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Basically, the outcome I am attempting is: "get the number of successful records that have 0 unsuccessful records within a certain amount of time into the past". "successful" and "unsuccessful" just refer to a column's value.

Although it's a little more complicated, here's the description of the table I'm dealing with:

`log`
  id                int PRIMARY KEY AUTO_INCREMENT
  fingerprint_id    int (foreign key)
  status            boolean
  date              timestamp

The workflow of the little system we have is that when a user swipes their fingerprint, a record is added to this table and status is set based on whether it matched (again, there's more to it, I'm just trying to simplify). We get the fingerprint_id based on the user doing this, so that is the identifier for relating records to a person.

Right now, we require them to attempt it at most 3 times. So, they can match on the 1st of 3, 2nd of 3, 3rd of 3, or not at all. And that means they can have 1, 2, or 3 records in their "group". Although it's not true, we can assume that a user will continue trying until they match or reach 3 failed attempts (we have found that sometimes people don't continue after failing once or twice, possibly).

Here's an example of some data:

id  fp_id status   date
----------------------------------------
20    2     0      '2013-01-21 12:30:01'
21    2     0      '2013-01-21 12:30:05'
22    2     0      '2013-01-21 12:30:10'
23    9     1      '2013-01-21 12:31:30'
24    1     0      '2013-01-21 12:35:00'
25    1     1      '2013-01-21 12:35:05'

In the data, user (fingerprint_id) 2 tried 3 times and never matched. User 9 matched on their first attempt. User 1 tried once and failed, then tried again and matched.

The point is to find out how many successful (status=1) log records have 0 unsuccessful (status=0) records within 35 seconds ago. Of course, the only way to "connect" them is by fingerprint_id.

Again, we're assuming a lot of things, but that's fine.

Here's my attempts:

SELECT  COUNT(*)
FROM    log AS log_main
WHERE   log_main.status=1 AND
        (SELECT COUNT(*)
         FROM   log AS log_inner
         WHERE  log_inner.fingerprint_id=log_main.fingerprint_id AND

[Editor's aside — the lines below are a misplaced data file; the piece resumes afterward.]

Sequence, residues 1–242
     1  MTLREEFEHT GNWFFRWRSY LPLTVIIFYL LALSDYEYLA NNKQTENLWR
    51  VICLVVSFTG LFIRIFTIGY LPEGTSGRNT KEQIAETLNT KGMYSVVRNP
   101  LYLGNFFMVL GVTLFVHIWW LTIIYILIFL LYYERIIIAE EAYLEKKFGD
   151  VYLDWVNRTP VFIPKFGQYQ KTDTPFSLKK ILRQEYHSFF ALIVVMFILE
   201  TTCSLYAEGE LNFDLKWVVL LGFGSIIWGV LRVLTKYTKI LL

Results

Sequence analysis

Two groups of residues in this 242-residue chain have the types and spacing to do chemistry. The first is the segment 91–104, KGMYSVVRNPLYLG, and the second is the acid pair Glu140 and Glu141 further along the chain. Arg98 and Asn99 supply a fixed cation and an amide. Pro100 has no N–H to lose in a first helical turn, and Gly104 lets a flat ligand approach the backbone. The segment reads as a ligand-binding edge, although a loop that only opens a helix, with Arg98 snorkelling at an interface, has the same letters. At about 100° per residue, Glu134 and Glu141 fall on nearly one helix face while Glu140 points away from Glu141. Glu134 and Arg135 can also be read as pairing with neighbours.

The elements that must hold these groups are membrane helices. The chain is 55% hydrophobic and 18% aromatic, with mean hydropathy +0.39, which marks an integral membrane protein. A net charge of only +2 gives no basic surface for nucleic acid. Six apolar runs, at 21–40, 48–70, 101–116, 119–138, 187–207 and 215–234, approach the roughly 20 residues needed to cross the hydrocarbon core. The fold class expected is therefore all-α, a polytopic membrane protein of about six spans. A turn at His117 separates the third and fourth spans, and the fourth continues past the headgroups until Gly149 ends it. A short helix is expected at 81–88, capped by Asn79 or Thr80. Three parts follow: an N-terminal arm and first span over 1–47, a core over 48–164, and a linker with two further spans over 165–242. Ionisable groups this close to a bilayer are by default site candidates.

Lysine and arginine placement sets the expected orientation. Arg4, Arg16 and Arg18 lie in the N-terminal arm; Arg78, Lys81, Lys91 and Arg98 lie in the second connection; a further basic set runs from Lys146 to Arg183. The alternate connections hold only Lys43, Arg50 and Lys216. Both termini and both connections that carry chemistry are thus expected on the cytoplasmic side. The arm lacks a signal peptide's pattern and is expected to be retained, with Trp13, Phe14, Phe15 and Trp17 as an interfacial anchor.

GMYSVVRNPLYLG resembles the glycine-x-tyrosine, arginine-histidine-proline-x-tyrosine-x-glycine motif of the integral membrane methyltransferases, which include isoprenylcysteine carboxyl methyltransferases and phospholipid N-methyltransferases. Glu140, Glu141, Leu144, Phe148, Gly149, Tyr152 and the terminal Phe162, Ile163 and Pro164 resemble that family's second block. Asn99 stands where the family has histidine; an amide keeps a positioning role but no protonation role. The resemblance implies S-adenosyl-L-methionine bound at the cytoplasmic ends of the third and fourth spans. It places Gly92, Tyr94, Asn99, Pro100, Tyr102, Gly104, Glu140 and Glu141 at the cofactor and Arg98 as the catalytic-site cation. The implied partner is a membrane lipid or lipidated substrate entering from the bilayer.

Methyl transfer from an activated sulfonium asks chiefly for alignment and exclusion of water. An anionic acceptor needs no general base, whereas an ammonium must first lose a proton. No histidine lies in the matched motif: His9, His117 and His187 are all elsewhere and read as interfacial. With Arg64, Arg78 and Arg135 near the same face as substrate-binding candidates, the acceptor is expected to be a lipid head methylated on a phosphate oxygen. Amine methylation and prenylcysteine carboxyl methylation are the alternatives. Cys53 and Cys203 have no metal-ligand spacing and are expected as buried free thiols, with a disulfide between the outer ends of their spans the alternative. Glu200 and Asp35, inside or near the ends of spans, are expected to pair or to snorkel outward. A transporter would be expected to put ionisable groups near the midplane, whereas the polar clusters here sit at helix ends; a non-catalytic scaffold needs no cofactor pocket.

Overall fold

log_inner.status=0 AND
                log_inner.date<log_main.date AND log_inner.date>=(log_main.date - INTERVAL 35 SECOND))=0

^ I would expect this one to select all successful records that have a count of 0 unsuccessful records that occurred within 35 seconds ago (for that user). But I wouldn't know, because the query takes over 600 seconds. I just found out how to extend MySQL Workbench's max timeout, but either way, it's taking a really long time. The table has around 120,000 records total, so I'm not sure if that's enough to make this query that slow.

Anyways, here's another attempt:

SELECT  COUNT(*)
FROM    (SELECT log.fingerprint_id, log.date
         FROM log
         WHERE log.status=1) successful,
        (SELECT log.fingerprint_id, log.date
         FROM log
         WHERE log.status=0) unsuccessful
WHERE   successful.fingerprint_id=unsuccessful.fingerprint_id AND
        unsuccessful.date<successful.date AND unsuccessful.date>=(successful.date - INTERVAL 35 SECOND)

^ I feel like this one is closer, but of course, there is no comparison on a "count" of how many records matched in the past. That's the part I'm getting confused about how to solve. I have a feeling it has to do with GROUP BY or instead using IN, but what I've done just doesn't seem to work (in the sense that it goes over 600 seconds or something like that). Here's an example of something I've tried with GROUP BY

SELECT  successful.id, COUNT(*) cnt
FROM    (SELECT log.fingerprint_id, log.date, log.id
         FROM log
         WHERE log.status=1) successful,
        (SELECT log.fingerprint_id, log.date, log.id
         FROM log